Usman Khawaja’s late dismissal puts Australia under threat on day three

Usman Khawaja’s late dismissal puts Australia under threat on day three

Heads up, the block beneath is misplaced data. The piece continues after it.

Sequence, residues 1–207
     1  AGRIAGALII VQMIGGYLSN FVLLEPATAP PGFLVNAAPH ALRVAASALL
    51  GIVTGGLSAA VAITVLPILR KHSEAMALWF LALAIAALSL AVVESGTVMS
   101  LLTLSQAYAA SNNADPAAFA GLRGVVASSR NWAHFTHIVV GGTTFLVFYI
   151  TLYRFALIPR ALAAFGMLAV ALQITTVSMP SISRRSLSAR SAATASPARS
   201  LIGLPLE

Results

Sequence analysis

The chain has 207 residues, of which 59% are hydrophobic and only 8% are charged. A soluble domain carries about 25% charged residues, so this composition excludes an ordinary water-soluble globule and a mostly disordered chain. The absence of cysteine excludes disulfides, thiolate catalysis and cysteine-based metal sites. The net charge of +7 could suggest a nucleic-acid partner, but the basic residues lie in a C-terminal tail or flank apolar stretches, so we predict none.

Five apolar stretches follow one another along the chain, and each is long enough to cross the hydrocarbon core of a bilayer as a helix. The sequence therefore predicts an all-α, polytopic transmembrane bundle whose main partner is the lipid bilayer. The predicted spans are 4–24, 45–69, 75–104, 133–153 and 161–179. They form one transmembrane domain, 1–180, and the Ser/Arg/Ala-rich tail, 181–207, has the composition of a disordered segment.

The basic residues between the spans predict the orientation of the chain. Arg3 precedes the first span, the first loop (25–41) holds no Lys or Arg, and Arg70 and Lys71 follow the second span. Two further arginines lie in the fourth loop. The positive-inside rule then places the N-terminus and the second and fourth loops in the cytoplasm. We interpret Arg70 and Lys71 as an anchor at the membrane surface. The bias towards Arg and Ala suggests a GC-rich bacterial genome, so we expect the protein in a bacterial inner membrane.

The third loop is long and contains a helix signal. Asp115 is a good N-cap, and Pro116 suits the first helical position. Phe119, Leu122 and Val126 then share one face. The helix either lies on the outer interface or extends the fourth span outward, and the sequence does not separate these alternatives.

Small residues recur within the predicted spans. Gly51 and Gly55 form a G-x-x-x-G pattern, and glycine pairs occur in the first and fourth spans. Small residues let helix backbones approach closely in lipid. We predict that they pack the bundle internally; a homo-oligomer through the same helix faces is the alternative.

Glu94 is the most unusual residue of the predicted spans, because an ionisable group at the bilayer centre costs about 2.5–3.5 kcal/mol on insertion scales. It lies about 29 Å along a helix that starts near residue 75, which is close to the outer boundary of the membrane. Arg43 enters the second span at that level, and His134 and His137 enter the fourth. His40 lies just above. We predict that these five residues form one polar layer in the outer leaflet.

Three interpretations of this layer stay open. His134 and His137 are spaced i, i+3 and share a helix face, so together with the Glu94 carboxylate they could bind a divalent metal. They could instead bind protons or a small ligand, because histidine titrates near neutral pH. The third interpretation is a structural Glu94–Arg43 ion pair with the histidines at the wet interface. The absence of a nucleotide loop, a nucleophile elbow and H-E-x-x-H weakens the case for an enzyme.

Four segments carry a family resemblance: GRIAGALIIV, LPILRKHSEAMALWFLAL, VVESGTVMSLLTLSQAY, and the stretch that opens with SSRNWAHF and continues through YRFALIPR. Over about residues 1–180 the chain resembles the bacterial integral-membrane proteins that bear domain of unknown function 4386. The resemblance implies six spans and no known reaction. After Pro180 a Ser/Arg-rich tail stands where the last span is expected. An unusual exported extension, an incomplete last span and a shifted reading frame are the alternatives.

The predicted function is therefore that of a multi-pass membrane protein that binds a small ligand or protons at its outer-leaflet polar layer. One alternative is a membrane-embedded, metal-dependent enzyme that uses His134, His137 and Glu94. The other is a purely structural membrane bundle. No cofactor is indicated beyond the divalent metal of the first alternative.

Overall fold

first_imgCricket Usman Khawaja’s late dismissal ensured Australia were under the pump at stumps on day three of the second Test against South Africa.Khawaja and Mitch Marsh had fought back well during an 87-run stand in Port Elizabeth on Sunday, building a small lead as Australia reached 180-5 in their second innings.Khawaja produced his second highest score outside Australia, only to fall to Kagiso Rabada on 75 with seven minutes of play remaining. The left-hander averaged 24.59 outside Australia before Sunday’s dogged innings, having either been dropped or failed to get a game on the Test side’s three previous tours. Rabada’s eighth wicket of the match kept the Proteas on track to level the bad-tempered four-Test series, with Marsh to resume on 39 knowing he and Tim Paine must do the bulk of the work if the tourists are to scrape together a decent target.Two of Australia’s most criticised cricketers stepped up when a fired-up Rabada had the ball reverse-swinging and a day-three finish was a distinct possibility.Steve Smith departed amid a collapse of 24-3, with South Africa boasting all the momentum after AB de Villiers’ sublime century gave them a first-innings advantage of 139 runs.Frustration built amid Khawaja’s four-hour vigil at the crease, in which he negotiated tricky spells from Rabada, Vernon Philander, Keshav Maharaj and Lungi Ngidi.The South Africa captain Faf du Plessis wasted both reviews during the final session. Rabada delivered the breakthrough, trapping Khawaja lbw with a ball that dipped late.The home side had resumed at 263-7 on day three, with De Villiers unbeaten on 74 and their lead just 20 runs.De Villiers, having steadied after a post-tea collapse of 28-4 on day two, batted sublimely to register his 22nd Test century in 117 balls. He finished 126 not out, lifting South Africa to a total of 382.Rabada then hammered home his side’s advantage, clean bowling Warner for 13 with a sensational delivery that triggered another spirited send-off. Rabada, already facing a two-Test ban for making contact with Smith on day one, screamed in Warner’s face as the Australian opener left the crease.Smith was out edging to Maharaj for the second time in the series, a dismissal sure to result in more questions about his poor record against left-arm spinners. Cameron Bancroft reached at a wide ball and played on to Ngidi, while Shaun Marsh prodded forward to Rabada and watched the edge fly to Quinton de Kock. Share on Facebook Since you’re here… Read more Share on Messenger Share on LinkedIn South Africa cricket team Topics … we have a small favour to ask. More people, like you, are reading and supporting the Guardian’s independent, investigative journalism than ever before. And unlike many news organisations, we made the choice to keep our reporting open for all, regardless of where they live or what they can afford to pay.The Guardian will engage with the most critical issues of our time – from the escalating climate catastrophe to widespread inequality to the influence of big tech on our lives. At a time when factual information is a necessity, we believe that each of us, around the world, deserves access to accurate reporting with integrity at its heart.Our editorial independence means we set our own agenda and voice our own opinions. Guardian journalism is free from commercial and political bias and not influenced by billionaire owners or shareholders. This means we can give a voice to those less heard, explore where others turn away, and rigorously challenge those in power.We hope you will consider supporting us today. We need your support to keep delivering quality journalism that’s open and independent. Every reader contribution, however big or small, is so valuable. Support The Guardian from as little as $1 – and it only takes a minute. Thank you.center_img David Warner: Cricket South Africa apologises over Sonny Bill Williams masks Australia cricket team Share on Twitter Share via Email Support The Guardian Australia sport Share on WhatsApp Share on Pinterest Reuse this contentlast_img

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